Globalisation and the sustainability of farmers, livestock-keepers, pastoralists and fragile habitats

  • Hodges J
  • Foggin M
  • Long R
 et al. 
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In the second half of the twentieth century, industrial agriculture together with the integration and globalisation of the food chain successfully increased the quantity of food and reduced unit prices to the consumer in Western society. Many policy-makers now advocate expansion of this industrial model into the developing regions as the only feasible way to feed the 9.6 billion people expected by 2050. However, industrial agriculture is unsustainable, costly and damages the environment. Expansion of this food production model to Africa, Asia and Latin America will force migration to the cities of several billion people from small farms, including those who manage dryland habitats and other fragile ecosystems, thus exposing these rich areas of biodiversity to neglect or abuse. The alternative way to increase world food supply is to empower small-scale farmers and pastoralists, a policy endorsed in principle by governments in 2012 but lacking major implementation to date. Proposals are made for realistically redressing current economic policies for agriculture and food to empower these historic guardians of agro-bioresources so that they may increase food security and ensure the conservation of vast areas of dryland and other natural habitats. © 2014 © 2014 Biodiversity Conservancy International.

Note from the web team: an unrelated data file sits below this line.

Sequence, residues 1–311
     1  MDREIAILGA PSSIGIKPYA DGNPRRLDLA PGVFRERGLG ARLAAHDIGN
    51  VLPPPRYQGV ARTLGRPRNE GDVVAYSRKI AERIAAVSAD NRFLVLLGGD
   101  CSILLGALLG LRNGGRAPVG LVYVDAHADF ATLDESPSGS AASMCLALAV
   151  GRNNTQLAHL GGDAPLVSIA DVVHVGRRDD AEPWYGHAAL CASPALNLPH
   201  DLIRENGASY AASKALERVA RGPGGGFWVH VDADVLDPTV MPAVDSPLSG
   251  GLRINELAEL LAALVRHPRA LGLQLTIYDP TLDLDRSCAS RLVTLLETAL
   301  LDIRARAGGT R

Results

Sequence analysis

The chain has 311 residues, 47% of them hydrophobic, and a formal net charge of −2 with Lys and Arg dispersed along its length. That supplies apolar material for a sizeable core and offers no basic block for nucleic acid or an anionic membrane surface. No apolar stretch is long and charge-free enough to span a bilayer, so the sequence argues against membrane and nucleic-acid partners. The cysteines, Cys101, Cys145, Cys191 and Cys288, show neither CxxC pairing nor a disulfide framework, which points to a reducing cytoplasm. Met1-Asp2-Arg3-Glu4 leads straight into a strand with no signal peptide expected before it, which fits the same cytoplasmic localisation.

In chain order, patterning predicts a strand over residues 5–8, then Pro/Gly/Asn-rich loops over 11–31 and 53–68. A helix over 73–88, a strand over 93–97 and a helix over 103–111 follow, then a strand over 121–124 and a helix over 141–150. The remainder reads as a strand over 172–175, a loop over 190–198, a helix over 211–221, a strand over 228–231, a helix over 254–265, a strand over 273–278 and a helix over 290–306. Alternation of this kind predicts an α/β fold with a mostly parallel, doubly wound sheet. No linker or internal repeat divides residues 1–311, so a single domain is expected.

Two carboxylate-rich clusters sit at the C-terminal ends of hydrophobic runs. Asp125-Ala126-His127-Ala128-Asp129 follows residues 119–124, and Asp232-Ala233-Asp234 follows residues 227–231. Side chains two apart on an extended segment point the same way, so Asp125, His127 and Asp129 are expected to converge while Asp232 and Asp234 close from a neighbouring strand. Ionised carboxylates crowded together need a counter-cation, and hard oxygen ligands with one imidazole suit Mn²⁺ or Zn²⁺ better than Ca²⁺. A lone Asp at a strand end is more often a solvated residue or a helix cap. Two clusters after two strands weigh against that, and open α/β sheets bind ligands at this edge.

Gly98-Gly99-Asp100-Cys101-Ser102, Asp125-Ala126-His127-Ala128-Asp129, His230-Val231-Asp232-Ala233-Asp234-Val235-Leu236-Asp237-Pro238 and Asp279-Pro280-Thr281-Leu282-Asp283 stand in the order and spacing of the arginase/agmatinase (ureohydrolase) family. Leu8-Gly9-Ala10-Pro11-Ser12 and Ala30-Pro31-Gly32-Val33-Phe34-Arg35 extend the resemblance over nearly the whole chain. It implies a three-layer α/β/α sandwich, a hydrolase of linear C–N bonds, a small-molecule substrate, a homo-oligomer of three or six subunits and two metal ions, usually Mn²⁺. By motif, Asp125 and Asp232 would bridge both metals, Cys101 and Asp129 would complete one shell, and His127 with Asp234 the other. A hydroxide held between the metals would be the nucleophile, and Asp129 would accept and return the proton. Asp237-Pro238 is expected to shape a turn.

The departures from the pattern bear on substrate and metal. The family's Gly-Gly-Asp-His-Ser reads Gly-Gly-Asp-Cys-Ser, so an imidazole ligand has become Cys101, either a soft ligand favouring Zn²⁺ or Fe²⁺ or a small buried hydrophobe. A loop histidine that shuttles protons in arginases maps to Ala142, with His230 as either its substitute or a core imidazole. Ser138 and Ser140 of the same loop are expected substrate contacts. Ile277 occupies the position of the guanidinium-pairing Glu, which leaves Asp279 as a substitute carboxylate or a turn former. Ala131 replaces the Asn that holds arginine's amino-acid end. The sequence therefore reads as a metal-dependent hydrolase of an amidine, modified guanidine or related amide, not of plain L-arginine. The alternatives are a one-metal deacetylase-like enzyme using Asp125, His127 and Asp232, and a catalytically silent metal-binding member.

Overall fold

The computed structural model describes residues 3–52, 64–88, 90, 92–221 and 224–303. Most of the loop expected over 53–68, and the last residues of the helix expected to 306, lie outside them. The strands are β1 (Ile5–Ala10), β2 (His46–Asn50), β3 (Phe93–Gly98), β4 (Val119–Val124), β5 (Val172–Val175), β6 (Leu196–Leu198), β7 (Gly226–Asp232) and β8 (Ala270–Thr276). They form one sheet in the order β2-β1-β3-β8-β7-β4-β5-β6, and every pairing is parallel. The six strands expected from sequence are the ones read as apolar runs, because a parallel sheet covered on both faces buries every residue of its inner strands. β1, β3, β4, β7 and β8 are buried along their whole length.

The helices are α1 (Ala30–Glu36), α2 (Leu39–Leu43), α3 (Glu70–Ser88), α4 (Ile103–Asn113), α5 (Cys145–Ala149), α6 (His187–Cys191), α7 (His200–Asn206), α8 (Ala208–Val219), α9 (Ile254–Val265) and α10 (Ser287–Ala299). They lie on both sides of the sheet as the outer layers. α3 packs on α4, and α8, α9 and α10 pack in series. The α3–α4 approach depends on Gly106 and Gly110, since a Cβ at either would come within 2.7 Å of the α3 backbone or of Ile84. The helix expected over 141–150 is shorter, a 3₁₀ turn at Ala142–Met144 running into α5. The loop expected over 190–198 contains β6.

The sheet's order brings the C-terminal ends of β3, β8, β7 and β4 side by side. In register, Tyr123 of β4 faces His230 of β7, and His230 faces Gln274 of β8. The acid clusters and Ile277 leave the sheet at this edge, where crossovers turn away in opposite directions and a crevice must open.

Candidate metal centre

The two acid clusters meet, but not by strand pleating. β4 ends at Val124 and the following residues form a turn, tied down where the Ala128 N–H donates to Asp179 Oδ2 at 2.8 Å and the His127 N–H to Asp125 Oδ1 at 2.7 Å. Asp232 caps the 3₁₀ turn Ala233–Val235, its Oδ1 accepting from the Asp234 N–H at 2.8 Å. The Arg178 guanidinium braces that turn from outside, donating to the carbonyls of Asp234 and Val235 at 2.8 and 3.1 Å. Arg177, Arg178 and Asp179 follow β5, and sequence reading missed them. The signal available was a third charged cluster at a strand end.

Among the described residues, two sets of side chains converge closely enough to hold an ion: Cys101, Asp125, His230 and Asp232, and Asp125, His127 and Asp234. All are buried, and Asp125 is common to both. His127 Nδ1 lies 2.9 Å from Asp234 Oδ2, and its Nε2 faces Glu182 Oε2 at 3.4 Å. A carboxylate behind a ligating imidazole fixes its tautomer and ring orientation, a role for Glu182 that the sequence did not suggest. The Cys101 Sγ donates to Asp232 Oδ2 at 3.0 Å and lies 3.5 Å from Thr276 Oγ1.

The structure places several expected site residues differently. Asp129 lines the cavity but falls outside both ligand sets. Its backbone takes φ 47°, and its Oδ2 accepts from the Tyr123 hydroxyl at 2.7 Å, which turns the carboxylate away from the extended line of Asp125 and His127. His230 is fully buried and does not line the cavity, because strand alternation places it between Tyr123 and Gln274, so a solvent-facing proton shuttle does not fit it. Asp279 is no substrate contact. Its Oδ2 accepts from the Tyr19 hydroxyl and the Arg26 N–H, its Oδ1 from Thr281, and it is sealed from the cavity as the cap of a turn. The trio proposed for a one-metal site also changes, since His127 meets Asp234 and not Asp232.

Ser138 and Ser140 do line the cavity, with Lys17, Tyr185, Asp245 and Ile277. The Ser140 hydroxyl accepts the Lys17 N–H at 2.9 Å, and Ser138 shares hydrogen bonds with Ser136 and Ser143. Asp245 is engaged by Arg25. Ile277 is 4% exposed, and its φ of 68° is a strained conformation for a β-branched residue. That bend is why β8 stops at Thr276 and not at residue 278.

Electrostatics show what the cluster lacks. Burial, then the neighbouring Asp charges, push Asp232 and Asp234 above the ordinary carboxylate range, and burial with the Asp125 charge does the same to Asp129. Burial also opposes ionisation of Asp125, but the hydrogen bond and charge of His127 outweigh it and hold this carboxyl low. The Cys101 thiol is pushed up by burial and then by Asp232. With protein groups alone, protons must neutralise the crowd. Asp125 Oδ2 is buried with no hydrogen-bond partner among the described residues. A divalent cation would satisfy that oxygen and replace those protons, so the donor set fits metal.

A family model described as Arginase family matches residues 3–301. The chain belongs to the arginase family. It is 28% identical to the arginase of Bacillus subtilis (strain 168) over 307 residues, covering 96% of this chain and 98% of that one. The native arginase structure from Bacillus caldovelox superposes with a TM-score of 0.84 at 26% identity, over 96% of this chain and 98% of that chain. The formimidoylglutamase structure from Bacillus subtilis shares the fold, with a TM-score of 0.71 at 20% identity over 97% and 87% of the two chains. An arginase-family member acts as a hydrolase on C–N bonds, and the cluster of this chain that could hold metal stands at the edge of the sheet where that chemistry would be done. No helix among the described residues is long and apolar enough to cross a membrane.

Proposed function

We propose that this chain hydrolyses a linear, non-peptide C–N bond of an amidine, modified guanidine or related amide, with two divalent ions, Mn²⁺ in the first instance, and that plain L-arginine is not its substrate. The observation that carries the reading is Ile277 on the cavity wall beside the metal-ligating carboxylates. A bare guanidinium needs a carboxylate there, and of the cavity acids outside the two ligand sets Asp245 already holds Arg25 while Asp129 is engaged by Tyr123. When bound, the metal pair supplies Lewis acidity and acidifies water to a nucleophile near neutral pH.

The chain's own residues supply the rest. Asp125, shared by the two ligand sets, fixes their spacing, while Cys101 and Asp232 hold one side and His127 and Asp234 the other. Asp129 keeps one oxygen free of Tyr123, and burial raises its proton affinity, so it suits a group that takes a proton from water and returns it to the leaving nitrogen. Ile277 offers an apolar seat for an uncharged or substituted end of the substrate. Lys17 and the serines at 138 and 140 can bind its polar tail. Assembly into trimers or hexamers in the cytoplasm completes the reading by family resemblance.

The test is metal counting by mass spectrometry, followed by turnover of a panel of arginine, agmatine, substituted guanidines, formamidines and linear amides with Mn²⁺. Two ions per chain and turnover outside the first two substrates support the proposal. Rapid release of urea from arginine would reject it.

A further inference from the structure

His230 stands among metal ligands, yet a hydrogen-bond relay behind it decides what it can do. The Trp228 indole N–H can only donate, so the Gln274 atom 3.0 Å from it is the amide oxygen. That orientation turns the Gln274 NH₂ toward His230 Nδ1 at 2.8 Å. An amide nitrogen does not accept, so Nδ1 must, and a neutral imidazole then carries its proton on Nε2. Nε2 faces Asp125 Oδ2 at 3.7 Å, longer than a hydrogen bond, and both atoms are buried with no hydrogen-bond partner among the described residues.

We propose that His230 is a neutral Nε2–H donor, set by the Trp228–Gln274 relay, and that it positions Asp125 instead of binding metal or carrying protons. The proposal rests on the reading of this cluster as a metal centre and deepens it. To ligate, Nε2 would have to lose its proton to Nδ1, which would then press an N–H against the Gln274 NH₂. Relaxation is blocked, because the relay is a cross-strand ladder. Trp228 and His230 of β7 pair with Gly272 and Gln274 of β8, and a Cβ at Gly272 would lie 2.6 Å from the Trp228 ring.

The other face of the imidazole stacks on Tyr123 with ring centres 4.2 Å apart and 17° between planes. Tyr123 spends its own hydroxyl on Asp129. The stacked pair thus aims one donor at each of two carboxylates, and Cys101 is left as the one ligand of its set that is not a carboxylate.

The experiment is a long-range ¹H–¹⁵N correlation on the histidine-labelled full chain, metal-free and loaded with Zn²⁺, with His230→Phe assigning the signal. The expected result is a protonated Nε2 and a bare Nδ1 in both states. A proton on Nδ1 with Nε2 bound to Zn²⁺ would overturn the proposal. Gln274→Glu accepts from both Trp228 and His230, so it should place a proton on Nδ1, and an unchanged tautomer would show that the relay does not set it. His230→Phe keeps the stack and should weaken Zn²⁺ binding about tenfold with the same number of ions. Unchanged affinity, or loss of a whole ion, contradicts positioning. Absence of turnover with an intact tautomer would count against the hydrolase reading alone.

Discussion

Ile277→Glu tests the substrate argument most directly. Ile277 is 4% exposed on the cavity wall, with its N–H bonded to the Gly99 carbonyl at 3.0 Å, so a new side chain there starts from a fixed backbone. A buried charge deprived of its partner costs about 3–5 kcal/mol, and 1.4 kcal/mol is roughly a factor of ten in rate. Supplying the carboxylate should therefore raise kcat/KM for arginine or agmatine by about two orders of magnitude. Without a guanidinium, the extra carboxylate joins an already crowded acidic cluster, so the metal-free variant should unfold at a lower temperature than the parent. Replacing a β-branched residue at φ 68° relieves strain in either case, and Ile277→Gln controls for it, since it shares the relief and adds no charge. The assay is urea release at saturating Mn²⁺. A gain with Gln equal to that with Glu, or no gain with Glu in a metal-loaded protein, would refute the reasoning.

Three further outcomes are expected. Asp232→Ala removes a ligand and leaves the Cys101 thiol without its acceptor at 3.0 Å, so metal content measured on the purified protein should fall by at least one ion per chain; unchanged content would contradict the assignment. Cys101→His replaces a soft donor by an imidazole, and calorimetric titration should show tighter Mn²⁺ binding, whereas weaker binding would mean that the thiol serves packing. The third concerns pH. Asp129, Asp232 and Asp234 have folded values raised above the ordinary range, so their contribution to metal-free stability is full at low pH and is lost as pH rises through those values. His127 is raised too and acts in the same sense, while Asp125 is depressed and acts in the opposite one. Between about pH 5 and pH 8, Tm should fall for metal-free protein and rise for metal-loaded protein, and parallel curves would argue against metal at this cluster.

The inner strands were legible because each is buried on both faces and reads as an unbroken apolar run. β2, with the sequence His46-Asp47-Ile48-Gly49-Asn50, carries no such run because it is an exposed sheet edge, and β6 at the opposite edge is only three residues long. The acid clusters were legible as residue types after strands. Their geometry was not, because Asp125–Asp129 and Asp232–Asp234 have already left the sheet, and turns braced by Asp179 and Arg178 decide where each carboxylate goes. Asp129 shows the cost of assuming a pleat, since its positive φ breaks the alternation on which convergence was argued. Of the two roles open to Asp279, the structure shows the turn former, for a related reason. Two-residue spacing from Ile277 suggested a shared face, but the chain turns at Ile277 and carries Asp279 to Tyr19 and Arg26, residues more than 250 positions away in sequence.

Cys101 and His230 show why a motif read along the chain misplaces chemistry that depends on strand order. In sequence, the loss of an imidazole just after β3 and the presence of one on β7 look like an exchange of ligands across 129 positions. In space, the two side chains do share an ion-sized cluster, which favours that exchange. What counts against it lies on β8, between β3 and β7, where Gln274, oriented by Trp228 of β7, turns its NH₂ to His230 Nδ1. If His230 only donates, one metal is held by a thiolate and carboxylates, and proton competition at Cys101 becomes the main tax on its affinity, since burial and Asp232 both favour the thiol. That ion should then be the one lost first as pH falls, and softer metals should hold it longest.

Author-supplied keywords

  • biodiversity
  • ecosystem
  • empowerment
  • food security
  • globalisation
  • industrial agriculture
  • pastoralist
  • small-farm
  • sustainability

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  • John Hodges

  • Marc Foggin

  • Ruijun Long

  • Gongbu Zhaxi

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